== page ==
Lawmakers, energy developers, and policy wonks descended on downtown Concord today for the annual New Hampshire Energy summit. The event couldn’t come at a more appropriate time, last week New Hampshire electric utilities – with the notable exception of the state’s largest, Public Service of New Hampshire – announced winter rate hikes ranging from twelve to fifty percent.
“In New England this winter, based on what’s been recently trading, is likely to have the highest natural gas prices on planet earth,” Taff Tschamler, Vice President of North American Power, told the assembled crowd. Gas for the winter months is trading at around $20 per million btu, compared to $3 or $4 in other parts of the country, and in New England electricity prices track gas prices closely.
There’s no mystery as to why. Gas pipelines are sized according to how many subscribers sign on to the line before it’s built. Subscribers are mostly of heating utilities – which can predict their customer base fairly accurately – who buy a chunk of the pipeline’s capacity big enough to supply all of their customers on cold winter days. Every day they sell whatever they aren’t using back into the market, which is how electricity plants buy their fuel. On really cold days there isn’t much left over and prices go through the roof.
“What I think we’re hoping for is that the good lord who protects drunks and the United States will also protect New England,” said Peter Brown, an energy attorney with Preti-Flaherty, “We had a very mild summer, so we had a lot of good storage of natural gas. Let’s hope we have a mild winter.”
The soonest that a new pipeline could be operational in the region is the winter of 2016-2017, when Spectra Energy’s Algonquin Incremental Market (AIM) project is slated to come online. That expansion, if approved, would increase the region’s gas capacity by 342 million cubic feet per day, or by around 10 percent.
The non-profit entity that operates the grid and the regional energy markets, , ISO New England, has taken steps to ensure that the lights stay on during the coming winters, while the states wait for more gas pipeline to be built. For the second year in a row, the ISO is encouraging plant operators to buy up reserves of oil and liquefied natural gas to be ready to fire up on cold days. If some of that doesn’t get used, the ISO will reimburse them depending on what’s leftover. If none of the extra fuel is used, which is very unlikely, the cost would be slightly more than $100 million dollars.
Rate Relief In New Hampshire?
“I think you can summarize at least the short-term in New Hampshire in three words: price, price and price,” Republican Senator Jeb Bradley told the New Hampshire Energy Summit.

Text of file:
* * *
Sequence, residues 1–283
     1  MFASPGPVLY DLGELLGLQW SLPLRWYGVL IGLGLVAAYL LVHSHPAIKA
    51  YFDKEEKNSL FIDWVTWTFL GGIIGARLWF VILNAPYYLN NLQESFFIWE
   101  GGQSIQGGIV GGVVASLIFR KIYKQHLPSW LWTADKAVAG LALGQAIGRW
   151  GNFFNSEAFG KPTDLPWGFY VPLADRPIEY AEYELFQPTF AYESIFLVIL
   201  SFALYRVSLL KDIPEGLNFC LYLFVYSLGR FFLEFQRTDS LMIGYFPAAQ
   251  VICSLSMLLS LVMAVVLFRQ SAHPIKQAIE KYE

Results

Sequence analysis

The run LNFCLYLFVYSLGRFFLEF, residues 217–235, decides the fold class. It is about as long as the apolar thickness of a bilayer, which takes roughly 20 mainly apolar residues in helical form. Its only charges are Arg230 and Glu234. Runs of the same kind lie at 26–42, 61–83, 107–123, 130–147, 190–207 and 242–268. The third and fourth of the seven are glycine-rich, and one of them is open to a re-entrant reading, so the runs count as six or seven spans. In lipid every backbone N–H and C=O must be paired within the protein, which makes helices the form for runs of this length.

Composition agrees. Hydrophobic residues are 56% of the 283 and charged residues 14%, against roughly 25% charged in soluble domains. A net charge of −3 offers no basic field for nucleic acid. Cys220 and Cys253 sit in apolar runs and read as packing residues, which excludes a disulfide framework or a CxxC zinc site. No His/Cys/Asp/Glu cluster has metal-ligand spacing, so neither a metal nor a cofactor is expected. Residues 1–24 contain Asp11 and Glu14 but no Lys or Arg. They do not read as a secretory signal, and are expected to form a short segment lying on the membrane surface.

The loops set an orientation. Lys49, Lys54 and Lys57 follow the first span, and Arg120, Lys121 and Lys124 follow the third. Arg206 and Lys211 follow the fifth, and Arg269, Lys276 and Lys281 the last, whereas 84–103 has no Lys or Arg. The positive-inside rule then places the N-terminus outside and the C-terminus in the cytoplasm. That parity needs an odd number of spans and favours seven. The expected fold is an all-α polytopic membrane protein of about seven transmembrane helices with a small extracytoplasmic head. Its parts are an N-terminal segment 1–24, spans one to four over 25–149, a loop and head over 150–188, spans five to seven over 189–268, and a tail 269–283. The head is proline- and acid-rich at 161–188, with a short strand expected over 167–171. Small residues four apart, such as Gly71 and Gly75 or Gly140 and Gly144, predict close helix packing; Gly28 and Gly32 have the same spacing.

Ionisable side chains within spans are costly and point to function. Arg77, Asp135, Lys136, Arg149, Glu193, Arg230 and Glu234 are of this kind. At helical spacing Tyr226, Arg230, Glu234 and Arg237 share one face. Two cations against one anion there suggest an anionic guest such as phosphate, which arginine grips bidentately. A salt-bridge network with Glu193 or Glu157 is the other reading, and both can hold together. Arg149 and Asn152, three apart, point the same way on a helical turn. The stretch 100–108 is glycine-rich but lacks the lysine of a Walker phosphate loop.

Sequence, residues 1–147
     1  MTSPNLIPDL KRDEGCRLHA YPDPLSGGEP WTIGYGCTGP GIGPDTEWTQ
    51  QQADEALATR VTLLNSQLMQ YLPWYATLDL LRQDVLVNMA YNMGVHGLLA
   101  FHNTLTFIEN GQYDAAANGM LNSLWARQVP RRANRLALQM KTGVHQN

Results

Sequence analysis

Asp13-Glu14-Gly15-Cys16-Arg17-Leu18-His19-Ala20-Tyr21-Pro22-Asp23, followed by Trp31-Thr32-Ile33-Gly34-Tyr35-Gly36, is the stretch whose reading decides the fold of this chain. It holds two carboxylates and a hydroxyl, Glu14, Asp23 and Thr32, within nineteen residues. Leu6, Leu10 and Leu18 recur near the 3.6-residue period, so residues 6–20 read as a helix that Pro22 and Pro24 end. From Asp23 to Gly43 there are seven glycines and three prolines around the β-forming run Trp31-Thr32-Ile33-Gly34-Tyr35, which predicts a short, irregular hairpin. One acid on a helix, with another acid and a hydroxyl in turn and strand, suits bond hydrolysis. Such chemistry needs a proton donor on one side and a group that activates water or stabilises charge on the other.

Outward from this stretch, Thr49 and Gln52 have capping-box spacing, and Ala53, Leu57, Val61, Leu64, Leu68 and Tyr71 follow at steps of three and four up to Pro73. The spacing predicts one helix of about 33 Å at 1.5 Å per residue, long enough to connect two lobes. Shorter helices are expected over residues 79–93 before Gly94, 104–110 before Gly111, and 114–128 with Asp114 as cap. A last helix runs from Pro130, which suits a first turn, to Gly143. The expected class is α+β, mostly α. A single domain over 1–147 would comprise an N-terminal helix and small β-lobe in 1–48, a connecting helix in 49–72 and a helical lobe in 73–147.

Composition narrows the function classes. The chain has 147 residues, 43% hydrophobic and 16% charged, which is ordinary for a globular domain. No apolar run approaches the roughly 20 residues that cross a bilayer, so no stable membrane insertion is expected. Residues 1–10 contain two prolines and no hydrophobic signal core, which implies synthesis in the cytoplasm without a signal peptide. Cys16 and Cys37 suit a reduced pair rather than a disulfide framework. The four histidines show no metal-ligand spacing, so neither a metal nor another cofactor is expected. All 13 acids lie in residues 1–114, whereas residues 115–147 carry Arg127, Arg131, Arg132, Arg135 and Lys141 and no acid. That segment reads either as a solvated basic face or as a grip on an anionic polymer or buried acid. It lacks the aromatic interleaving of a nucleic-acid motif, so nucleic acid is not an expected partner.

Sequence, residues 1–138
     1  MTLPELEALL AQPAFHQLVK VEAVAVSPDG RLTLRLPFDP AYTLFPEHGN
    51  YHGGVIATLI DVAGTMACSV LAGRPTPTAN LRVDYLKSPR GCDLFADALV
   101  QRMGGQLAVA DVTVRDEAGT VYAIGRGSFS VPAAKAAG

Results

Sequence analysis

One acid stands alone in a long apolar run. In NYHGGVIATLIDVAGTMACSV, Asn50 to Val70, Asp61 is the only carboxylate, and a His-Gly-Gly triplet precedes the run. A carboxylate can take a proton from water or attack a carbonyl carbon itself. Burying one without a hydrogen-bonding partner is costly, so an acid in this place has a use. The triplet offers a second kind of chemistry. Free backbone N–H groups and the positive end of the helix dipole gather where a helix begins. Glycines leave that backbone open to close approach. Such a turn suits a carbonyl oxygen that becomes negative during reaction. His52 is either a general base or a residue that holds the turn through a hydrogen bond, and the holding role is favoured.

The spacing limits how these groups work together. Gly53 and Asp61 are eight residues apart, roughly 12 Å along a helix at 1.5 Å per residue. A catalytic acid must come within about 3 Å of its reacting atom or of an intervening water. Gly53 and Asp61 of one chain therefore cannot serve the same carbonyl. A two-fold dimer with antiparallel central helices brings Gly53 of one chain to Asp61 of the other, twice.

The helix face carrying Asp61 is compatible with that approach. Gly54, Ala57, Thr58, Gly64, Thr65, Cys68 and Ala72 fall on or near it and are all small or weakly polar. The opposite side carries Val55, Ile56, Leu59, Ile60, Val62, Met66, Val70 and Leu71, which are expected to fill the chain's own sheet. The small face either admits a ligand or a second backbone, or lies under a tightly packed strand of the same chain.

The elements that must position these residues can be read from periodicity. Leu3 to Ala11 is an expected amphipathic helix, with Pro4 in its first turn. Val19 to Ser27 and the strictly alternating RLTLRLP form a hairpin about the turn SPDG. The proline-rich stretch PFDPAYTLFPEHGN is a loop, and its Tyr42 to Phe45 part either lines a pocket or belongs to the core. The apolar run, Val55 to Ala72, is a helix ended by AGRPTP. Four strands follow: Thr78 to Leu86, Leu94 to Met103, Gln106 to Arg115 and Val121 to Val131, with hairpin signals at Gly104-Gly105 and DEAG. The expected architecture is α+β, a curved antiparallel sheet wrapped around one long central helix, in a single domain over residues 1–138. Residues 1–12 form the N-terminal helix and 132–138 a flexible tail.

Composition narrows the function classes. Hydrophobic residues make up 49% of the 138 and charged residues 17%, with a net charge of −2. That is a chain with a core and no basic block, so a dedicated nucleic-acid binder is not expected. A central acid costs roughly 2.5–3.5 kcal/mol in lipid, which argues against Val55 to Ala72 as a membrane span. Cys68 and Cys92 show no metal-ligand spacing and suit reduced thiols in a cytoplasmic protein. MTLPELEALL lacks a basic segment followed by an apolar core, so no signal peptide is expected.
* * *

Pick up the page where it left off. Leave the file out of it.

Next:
Bradley gave the Republican perspective on action that is expected from policy makers in Concord in the energy field this session. He suggested that in order to help keep electric rates low, Public Service of New Hampshire should be forced to not be reimbursed for the full cost of an emissions control scrubber that the legislature mandated it build on its largest coal fired power plant, and which saw major cost overruns.
“Let’s remember there was a promise made of $250 million and no more than three tenths of a cent per kilowatt hour, and the actual cost was $422 [million]. We should find a number somewhere in the middle,” said Bradley.
But Bradley also had words of warning regarding another long-simmering dispute now before the PUC– whether PSNH should be forced to sell off the power plants that it still owns as environmentalists and competitors have argued. With the recent rate hikes, Public Service now has the lowest rate of any utility in New Hampshire.
“I think the Public Utilities Commission would be well advised to take a very slow approach, and see how the market in New England unfolds,” he said, “If some of the issues involving ‘price, price, price’ tend to resolve themselves over the next few years, that’s the time to move forward.”
The Democrats on hand focused their attention on building support for a new policy that would encourage saving energy.
“Conservation and energy efficiency are the cleanest and cheapest fuel that we have,” said Governor Maggie Hassan, “so we must come together to develop specific energy efficient targets, and develop a strategy for meeting them. The cheapest unit of energy is the one you don’t have to buy, and it’s helpful to think of energy efficiency as a source of energy itself.”
A study released last year found that New Hampshire could be cost-effectively doing ten-times more energy efficiency than it is now, and suggestions for new energy efficiency policies figure prominently in the state’s new 10-year energy plan.
But Representative David Borden, D-New Castle and chair of the House Science, Technology and Energy Committee, set his sights for the legislative session on a more humble target: increasing the dollars flowing into low-income weatherization programs, and didn’t advocate for a major overhaul of energy efficiency policy.
“I think it would be a big mistake to yank the tree up by the roots,” he told the crowd, “we need to just reform, small changes and so on, and think those through very carefully.”
With Democrats facing a difficult election in November, that may be the best they can hope for.